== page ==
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13 hours ago, pontalba said:

Glad to hear your humans and critters are all fine. :)  Charles is doing well too, reading up a storm and we both are now in the 5th season of Star Trek, the Next Generation.  Turns out I missed quite a few episodes back then, so some is new to me as well.  

 

I'm glad Charles is doing well too :). It's nice you're both enjoying Star Trek: The Next Generation. We've just started season 7 and I've really been enjoying seeing all these episodes (new to me). It's nice some episodes were new to you too :).

 

Quote

For or some reason I'm not getting any notifications, I've checked my settings, and even adjusted them some.  But, still, no dice. They're not going into Junk mail either, I checked.  '''Tis a puzzlement.

 

I checked in AdminCP and it does appear everything is checked the way it should be. It's really weird :(. Your email address seems to check out as well (at least, it's the same one you used when you emailed me some time ago, I presume it hasn't changed?). I don't understand it at all, it should all work based on what you've set. I've been able to get notifications and I presume so have others or otherwise we would've heard about it. I'll send you a PM and an email so we can perhaps try to figure this out.

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Nice reviews. :)I wasn't that keen on Bird Box, mainly because 

Spoiler

it was never revealed what made people go insane. I don't think the author could come up with anything credible enough so he just left it open-ended. :lol:

 

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On ‎6‎/‎10‎/‎2017 at 10:09 AM, bobblybear said:

Nice reviews. :)I wasn't that keen on Bird Box, mainly because 

  Hide contents

it was never revealed what made people go insane. I don't think the author could come up with anything credible enough so he just left it open-ended. :lol:

 

 

Hah.  Yeah, true......but I kind of liked that.  When left to the imagination it's that much scarier, yes?  :D

 

 

On ‎6‎/‎15‎/‎2017 at 0:15 PM, Alexi said:

The Glasgow trilogy sounds very interesting. Wish list ahoy!

 

Yays!  :D  The middle one was the best, IMO, but all in all I enjoyed the series and will look for more by that author. 

 

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As mentioned above, I've read the final book in the Glasgow trilogy, The Sudden Arrival of Violence by Malcolm MacKay.  I'd have to rate it a teeny bit lower, a 3.5/5.  But it cleaned up the loose ends and gave a satisfying ending. 

 

Even though I'd sworn not to read another Sue Grafton's alphabet series after my disappointment in S is for Silence, I gave in and (thanks Muggle!) borrowed from the e-library U is for Undertow.  Actually I quite enjoyed it.  Surprised myself.  Interesting mystery, good characterizations and the physical settings were great.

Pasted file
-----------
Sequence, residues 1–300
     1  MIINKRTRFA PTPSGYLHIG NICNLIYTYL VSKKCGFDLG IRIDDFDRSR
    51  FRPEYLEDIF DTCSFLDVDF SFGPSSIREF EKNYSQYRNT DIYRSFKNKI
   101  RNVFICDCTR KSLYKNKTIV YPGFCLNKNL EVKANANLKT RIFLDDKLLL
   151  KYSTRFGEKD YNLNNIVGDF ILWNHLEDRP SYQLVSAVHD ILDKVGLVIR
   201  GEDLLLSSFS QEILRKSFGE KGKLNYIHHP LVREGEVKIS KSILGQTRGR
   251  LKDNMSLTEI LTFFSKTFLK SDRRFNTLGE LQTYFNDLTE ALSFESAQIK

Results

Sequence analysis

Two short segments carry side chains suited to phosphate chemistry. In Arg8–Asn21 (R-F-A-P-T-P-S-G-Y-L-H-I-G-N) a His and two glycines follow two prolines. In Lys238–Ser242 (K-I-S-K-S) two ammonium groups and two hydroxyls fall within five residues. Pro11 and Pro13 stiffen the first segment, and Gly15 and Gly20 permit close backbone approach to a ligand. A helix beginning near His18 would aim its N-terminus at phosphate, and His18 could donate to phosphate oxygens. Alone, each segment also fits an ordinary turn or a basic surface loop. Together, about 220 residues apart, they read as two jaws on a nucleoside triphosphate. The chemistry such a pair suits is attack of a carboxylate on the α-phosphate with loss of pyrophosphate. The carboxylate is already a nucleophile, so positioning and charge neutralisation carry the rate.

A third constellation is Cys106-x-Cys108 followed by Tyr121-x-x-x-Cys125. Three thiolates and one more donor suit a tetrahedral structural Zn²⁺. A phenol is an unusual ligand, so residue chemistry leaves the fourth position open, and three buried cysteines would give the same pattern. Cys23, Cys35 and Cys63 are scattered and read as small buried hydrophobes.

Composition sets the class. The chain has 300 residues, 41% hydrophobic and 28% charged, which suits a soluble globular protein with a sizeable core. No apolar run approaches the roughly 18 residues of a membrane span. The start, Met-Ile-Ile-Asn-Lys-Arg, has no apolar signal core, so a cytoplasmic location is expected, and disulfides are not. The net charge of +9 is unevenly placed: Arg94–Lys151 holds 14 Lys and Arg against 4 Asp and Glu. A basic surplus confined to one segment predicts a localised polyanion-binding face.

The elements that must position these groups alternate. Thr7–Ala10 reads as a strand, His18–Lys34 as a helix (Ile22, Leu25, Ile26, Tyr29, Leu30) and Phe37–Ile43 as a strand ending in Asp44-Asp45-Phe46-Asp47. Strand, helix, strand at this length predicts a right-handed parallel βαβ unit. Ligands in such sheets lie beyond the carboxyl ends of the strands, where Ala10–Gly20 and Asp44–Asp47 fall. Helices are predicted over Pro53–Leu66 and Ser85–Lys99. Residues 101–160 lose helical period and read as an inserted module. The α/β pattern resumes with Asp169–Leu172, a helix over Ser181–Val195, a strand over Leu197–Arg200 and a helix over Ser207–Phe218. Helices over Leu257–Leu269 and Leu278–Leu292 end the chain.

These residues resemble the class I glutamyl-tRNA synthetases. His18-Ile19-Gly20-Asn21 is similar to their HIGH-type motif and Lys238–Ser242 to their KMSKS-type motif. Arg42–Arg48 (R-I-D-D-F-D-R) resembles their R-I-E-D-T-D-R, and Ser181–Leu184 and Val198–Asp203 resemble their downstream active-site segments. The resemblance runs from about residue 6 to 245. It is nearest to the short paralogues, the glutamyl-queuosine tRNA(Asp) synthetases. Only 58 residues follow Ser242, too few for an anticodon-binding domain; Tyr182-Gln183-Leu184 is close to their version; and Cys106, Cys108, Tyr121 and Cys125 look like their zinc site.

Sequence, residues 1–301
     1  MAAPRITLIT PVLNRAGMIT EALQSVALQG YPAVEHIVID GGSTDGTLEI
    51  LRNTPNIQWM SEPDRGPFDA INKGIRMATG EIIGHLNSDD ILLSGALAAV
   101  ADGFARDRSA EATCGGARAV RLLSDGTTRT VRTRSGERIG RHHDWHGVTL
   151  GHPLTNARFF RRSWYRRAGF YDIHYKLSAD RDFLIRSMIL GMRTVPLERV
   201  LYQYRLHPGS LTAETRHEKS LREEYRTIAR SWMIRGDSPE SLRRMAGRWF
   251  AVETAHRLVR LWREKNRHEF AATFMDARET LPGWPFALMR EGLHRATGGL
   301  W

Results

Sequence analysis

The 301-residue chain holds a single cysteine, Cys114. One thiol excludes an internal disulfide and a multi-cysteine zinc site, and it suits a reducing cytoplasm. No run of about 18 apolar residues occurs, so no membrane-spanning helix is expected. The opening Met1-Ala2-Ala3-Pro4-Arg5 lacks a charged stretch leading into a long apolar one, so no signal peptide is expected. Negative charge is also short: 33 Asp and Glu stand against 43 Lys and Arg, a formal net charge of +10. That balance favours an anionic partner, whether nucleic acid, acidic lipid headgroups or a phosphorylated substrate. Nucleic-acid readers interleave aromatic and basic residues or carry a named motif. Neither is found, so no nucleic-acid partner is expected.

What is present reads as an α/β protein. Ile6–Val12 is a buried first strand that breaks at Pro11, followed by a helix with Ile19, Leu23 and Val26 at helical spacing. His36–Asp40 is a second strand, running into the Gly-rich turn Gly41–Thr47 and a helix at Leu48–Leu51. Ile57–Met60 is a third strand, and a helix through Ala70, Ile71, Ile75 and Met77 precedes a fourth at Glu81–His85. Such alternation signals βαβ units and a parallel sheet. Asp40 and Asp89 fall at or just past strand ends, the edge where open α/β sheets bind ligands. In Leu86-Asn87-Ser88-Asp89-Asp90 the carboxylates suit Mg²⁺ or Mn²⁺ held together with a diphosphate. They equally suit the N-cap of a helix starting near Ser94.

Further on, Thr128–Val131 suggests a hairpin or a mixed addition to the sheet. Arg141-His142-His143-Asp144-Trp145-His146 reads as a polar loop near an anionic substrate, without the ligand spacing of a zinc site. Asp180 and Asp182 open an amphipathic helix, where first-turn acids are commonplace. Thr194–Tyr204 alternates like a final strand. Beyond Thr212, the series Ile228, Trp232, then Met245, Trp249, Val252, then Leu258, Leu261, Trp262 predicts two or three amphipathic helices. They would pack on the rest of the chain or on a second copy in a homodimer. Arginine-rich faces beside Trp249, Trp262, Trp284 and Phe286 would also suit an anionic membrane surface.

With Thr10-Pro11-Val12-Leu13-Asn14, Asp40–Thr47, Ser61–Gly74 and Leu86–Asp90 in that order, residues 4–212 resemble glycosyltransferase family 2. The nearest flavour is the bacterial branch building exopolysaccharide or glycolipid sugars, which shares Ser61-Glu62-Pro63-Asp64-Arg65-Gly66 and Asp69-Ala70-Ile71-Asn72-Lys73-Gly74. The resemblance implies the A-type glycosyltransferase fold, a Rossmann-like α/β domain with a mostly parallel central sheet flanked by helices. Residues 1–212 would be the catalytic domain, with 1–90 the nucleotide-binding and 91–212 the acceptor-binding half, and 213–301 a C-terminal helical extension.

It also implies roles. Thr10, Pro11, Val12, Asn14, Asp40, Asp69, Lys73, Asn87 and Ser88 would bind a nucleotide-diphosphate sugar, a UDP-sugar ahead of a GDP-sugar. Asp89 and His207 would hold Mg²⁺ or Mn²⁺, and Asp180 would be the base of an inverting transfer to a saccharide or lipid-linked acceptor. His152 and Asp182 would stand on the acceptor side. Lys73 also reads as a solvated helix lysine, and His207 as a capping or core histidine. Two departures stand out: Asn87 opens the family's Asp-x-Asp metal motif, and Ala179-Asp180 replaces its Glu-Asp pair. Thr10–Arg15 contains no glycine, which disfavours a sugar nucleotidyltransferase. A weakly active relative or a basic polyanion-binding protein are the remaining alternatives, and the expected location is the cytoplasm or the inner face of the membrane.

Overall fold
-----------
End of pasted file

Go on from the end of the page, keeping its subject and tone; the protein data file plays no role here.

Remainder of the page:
I love Dennis Lehane's books.  The Drop is a wonderful story about ordinary people, in grubby circumstances and the choices they must make to survive.  Its one of his shortest books, even so, the first time I tried to read it I thought it depressing.  But.  I went back about 6 weeks later and absolutely loved it. 

I also read his Since We Fell, and honestly I think it might be his best.  His portrayal of a woman possibly losing her grip is so on target, her fight for sanity and survival is right on target.  To trust or not to trust when there is no obvious reason to trust. 

Good stuff. :)

 

Finally I read The Dark House by John Sedgwick....4/5.....provisionally.  Sedgwick's prose first seemed to me to be too simple, too immature.  Finally I realized that he was simply reflecting his characters personality with the style.......not exactly immaturity, more incompleteness of self.  A man so damaged, so unsure of himself that he finds it difficult to relate to others.  His rather peculiar habit of following random automobiles at night leads him into a swamp of murder, stalking and possibly, oddly enough, love.  Excellent characterization.

 

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Hi Kate, good to see you again :)! I'm glad you read some nice books. I hope all has been well with you and yours?

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I got fed up with Sue Grafton's series around R, still have the first few letters of the alphabet to read though!

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Bit behind on this, but delighted you loved Bird Box. It's one of my favourite horrors. Did you know they're making it into a movie? No idea how that's gonna work, though low production value if it's a black screen for 90 mins :D

 

@bobblybear you do have a point with your spoiler, I can see how that would be offputting for some people. I usually like things to be revealed, but I was okay with it in this book!